This is the closest pack available to one of the 2010s’ most popular packs – the Golite “Jam”.
The founder of Golite began a new company, My Trail Company, and began manufacturing all sorts of new products, most with heavy nods to the Golite designs. I have not personally tried out any of the “My Trail Company” products, so this review is for the Golite Jam backpack that I used on my 2012 Mountains to Sea Trail thru hike.
The Golite Jam was the first ultralight backpack I purchased. Before my first thru hike in 2012, I had used an old Kelty external frame backpack for expeditions with my Boy Scout troop. In 2003, I upgraded to my first internal frame pack – a massive Gregory Lassen…that weighed OVER five pounds!
When I first slipped on the Golite Jam, the difference in comfort (with and without the bag fully loaded) was insane. It felt like I had wings on instead of a pack. At the time, I had some other pieces of ultralight equipment, but putting on that pack marked my rebirth as an Ultralight Hiker.
The thing that made the Golite Jam so insanely popular at the time of production was how super comfortable the bag was. The materials, cut, design, and suspension made the pack feel lighter. The way it sat on the body felt like a hug. The Jam also included features that are considered standard nowadays; ice ax loops, internal water bladder clip with hydration ports, daisy chain, and roll top closure were all included.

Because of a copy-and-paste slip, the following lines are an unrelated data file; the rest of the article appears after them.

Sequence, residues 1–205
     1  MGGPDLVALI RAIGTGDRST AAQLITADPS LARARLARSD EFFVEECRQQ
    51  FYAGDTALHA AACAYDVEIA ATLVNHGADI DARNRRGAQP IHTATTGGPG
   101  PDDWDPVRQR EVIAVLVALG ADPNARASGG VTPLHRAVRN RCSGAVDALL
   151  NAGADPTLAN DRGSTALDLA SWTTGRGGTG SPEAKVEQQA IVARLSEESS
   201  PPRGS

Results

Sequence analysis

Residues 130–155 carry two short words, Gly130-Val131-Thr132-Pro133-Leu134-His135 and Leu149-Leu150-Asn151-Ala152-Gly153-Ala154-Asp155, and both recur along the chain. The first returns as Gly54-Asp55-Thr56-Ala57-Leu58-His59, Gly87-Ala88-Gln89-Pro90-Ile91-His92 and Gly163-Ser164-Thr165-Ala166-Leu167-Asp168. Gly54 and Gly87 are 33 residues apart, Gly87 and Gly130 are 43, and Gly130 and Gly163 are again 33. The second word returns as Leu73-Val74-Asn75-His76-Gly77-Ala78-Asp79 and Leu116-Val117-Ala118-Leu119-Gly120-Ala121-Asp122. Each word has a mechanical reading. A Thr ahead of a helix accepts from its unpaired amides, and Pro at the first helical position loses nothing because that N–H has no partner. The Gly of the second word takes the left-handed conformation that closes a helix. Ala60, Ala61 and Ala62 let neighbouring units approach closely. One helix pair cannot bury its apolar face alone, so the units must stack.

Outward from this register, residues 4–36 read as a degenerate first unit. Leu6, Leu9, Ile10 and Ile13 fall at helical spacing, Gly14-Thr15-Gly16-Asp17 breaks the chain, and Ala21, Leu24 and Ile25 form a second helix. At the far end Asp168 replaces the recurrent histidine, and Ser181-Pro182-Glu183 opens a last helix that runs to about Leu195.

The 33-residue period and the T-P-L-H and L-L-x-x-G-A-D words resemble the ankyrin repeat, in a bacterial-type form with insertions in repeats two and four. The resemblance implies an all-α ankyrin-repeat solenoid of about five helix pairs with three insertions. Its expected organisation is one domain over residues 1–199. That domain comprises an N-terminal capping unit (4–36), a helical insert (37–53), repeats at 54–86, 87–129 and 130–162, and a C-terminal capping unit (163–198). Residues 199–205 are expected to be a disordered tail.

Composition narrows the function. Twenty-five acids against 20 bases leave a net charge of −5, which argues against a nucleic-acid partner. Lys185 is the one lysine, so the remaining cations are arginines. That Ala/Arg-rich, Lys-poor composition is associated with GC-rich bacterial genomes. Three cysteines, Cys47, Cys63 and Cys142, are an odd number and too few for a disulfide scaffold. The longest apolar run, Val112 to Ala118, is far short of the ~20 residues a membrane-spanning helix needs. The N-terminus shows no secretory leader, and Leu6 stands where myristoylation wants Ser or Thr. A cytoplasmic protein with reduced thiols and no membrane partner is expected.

The bag was not waterproof, though the gridstop fabric was very water repellent and the dyneema threads (white stripes) made it extremely durable – they are 3X stronger than Kevlar and 15X stronger than steel.
On my MST thru hike, the largest resupply that I picked up was nine days worth of food (@1.17 lbs per day). With all of my gear and that huge care package, the Jam was packed TIGHT. I could not get the roll top to roll and clip shut, so I had to employ the extra material at the top of the back with the drawstring closure in order to keep all of the contents inside. The top of the bag towered over my head for a few days, throwing of my center of gravity until I ate through some my supplies. That said, it still worked!
If My Trail Company began manufacturing a waterproof/dyneema composite fabric version of the “Backpack Light”, I would buy it – in hopes that it would feel as comfy as the Jam once did, but be lighter and higher performing by implementing some of the technological advances in fabrics and materials over the past 5 years.
At $119, this could be the perfect entry level pack for someone transitioning into the ultralight world. Again, I have no experience with this specific pack, but its predecessor changed the way I thought about what a backpack could/should be. I bet you would be hard pressed to find a pack of similar quality for this price.
Arc Blast – $325 (Base)
Weight: 21.0 ounces (595 grams)
Body dimensions: 7″ x 12.5″ x 30″ (18 cm x 31.8 cm x 76 cm)
Volume: 42L main body, 2.5L each side pocket, 8L center pocket, 55 Liters Total
Matrial: 2.92 oz/sqyd Dyneema Composite Fabric (formerly Cuben Fiber)
Arc Haul – $299 (Base)
Weight: 24.0 ounces (680 grams)
Body dimensions: 8″ x 12.5″ x 30″ (20 cm x 31.8 cm x 76 cm)
Volume: 49L main body, 2.5L each side pocket, 8L center pocket, 62 Liters Total
Material: 4.2 oz/sqyd Gridstop fabric